to be PC, drivers like Jim Head expressed their concerns for
race track safety vs. current speeds.
There is no denying that Old
Bridge Township Raceway is a very nice, very quick race track
that has served well over the years. However, in my opinion,
without drastic changes, its no longer an option for 330 MPH
cars. The sanctioning bodies must take a long hard look at not
only this but all their older tracks and either find more real
estate on the top end or move the event to a safe track.
I still can't believe Scott is
gone. He "did it for love". This is a tragedy that
just should not have happened. Whether you race at speeds of
330 mph for a living or for the love of the sport, you should
be given every safety measure available. It looks like Englishtown
lacked a lot.
I have never been there but it
looks to me like at least three major faults are very obvious.
The "sand" trap looks very short and is not sand at
all. It looks like pea gravel which I wouldn't think would not
be as effective at slowing a high speed light weight missile.
The net looks very short in height. Worst of all the concrete
retaining wall has absolutely no place at that location.No chance
of survival if you impact it at high speed.
I have come full circle from
an absolutely wonderful and enjoyable weekend at Bowling Green,
renewing old friend ships to this tragic accident .
Condolences to the entire Kalitta family and racing family.
You are right on the mark. I could not believe my eyes, car and
driver into a cement retaining wall after passing through a token
sand trap, oh and with a catch net, another drivers horror. What
an asinine arrangement. It is my greatest hope that the drivers
choose not to run today unless something has been done over night
to remedy this deadly situation. My heart goes out to the Kalitta's
and everyone who will feel this terrible and unnecessary loss.
I'm surprised that the sanctioning
bodies were not all over this issue way before now. I just hope,
like you, that the so called "economics" take a back
seat to the very real safety issue that has been put "right
in our face". The tracks in So. Cal. in the sixties were
pretty much compatible with the speeds we were going, but at
the speeds of today,area reaction time is just as important at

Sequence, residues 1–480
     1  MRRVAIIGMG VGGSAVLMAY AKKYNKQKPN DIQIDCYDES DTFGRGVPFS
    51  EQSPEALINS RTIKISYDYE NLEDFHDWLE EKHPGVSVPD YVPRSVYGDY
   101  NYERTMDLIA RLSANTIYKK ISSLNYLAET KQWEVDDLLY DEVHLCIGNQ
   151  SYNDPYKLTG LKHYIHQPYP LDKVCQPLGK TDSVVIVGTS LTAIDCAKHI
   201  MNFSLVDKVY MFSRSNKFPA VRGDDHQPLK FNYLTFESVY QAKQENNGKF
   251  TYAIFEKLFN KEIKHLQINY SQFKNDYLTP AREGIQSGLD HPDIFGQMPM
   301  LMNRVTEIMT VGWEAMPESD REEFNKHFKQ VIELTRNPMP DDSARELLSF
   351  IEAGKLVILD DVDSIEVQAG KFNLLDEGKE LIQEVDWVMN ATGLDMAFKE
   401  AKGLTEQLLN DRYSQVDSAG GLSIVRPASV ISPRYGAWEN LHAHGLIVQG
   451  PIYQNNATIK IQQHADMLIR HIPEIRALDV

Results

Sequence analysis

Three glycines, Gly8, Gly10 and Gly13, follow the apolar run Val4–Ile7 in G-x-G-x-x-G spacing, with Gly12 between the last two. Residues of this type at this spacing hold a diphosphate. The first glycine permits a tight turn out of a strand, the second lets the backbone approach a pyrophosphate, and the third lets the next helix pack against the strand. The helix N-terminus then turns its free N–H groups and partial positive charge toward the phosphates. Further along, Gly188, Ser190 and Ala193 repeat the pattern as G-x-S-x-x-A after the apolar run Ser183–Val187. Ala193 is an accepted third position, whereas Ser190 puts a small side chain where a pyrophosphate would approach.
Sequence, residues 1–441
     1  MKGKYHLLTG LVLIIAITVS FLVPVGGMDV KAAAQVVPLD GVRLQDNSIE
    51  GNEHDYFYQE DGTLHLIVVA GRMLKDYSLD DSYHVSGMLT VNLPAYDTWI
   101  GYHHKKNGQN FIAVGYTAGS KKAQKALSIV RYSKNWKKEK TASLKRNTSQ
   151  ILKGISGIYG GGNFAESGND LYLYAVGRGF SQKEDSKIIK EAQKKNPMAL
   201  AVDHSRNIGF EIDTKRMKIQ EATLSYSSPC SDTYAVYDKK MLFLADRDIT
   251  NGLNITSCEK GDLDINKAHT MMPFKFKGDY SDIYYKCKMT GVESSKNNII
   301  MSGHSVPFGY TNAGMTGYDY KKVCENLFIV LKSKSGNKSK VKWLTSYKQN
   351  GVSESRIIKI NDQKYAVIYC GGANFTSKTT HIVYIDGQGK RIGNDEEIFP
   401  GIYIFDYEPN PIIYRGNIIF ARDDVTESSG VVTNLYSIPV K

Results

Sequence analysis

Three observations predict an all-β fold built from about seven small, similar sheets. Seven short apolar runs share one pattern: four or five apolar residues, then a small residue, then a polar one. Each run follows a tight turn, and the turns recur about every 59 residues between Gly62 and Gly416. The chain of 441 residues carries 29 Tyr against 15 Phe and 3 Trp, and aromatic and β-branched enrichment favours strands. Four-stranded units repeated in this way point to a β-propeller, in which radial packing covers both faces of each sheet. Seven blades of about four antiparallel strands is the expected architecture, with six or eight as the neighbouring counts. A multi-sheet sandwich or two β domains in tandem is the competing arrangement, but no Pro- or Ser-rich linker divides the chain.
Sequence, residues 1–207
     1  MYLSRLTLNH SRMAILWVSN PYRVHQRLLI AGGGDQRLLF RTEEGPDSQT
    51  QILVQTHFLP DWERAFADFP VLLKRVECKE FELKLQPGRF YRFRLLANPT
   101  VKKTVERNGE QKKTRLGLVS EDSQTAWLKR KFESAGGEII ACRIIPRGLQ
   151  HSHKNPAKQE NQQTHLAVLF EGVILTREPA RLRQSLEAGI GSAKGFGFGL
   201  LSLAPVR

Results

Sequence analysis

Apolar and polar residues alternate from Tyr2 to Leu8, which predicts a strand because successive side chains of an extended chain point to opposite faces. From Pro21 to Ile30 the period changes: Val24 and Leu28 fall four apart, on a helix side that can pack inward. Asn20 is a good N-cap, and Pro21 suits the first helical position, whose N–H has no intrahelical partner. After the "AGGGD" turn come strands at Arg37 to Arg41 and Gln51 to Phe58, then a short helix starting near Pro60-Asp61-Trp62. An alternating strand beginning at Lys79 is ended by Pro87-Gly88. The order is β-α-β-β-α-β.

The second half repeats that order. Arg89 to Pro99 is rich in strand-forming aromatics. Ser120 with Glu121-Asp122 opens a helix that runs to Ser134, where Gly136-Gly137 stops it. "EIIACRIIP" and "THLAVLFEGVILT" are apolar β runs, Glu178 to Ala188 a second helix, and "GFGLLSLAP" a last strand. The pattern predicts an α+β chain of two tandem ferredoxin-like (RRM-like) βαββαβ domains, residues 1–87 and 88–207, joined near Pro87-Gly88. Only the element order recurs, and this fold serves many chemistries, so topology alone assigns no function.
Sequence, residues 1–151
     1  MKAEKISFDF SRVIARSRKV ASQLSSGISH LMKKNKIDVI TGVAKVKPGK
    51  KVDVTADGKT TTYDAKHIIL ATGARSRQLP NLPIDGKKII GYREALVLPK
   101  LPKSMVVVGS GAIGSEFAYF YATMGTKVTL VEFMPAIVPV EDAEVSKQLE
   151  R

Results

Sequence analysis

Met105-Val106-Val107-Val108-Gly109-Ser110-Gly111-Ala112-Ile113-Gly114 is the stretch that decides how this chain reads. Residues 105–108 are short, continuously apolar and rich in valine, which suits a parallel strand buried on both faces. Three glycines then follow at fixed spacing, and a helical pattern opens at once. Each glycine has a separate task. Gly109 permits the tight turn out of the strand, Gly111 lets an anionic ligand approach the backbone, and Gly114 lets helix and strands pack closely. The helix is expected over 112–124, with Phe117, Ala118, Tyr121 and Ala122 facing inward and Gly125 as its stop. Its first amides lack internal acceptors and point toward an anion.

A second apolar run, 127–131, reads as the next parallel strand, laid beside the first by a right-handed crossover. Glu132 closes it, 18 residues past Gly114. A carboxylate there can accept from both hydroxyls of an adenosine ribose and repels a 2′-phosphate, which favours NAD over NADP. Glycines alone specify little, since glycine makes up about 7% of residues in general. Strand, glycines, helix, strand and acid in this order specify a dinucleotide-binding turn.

"the other end" as it is at the stating line. A racer
doesn't need a deadly challenge in the shut down area. Heck,
even at old San Fernando if you weren't paying attention on a
180 run you could find yourself in a weird situation, I know.
It was more embarrassing than scary.
Well I hope this situation doesn't
turn to finger pointing and is remedied soon with out negative
outcome in the whole big picture. I think all you guy's are doing
a great job. Your group has the most experience and judgment
to be found anywhere concerning all this stuff. My best to you
all and hope something gets done.
Hi Don, You are right on! Drag
racing today is not Drag racing as we once knew it, it has turned
into NHRA corporate racing. Good? Bad? kinda both. Having grown
up in and around Drag racing in the 60's & 70's, I don't
like the direction it's going, I didn't like it then and I don't
like it now! The powers to be need to take a long hard look at
what's happening, and not be so concerned about the bottom line
( $ ). The fuel guys (TF,FC, even TA/D & TA/FC) need to band
together and boycott ANY DANGEROUS situation! (I know driving
is inherently dangerous, I been there, done that) NHRA has gotten
very fat off Drag Racers over the years, it's time to change
. Hopefully it's not to late.
Don, you hit the nail right on
the head!! Maybe now the NHRA will take its head out of the its
rear end and become more pro-active with safety. The Don Long,Bill
Miller episode in testing earlier this year was a complete joke!
Good Morning Don,
As a guy who grew up in Jersey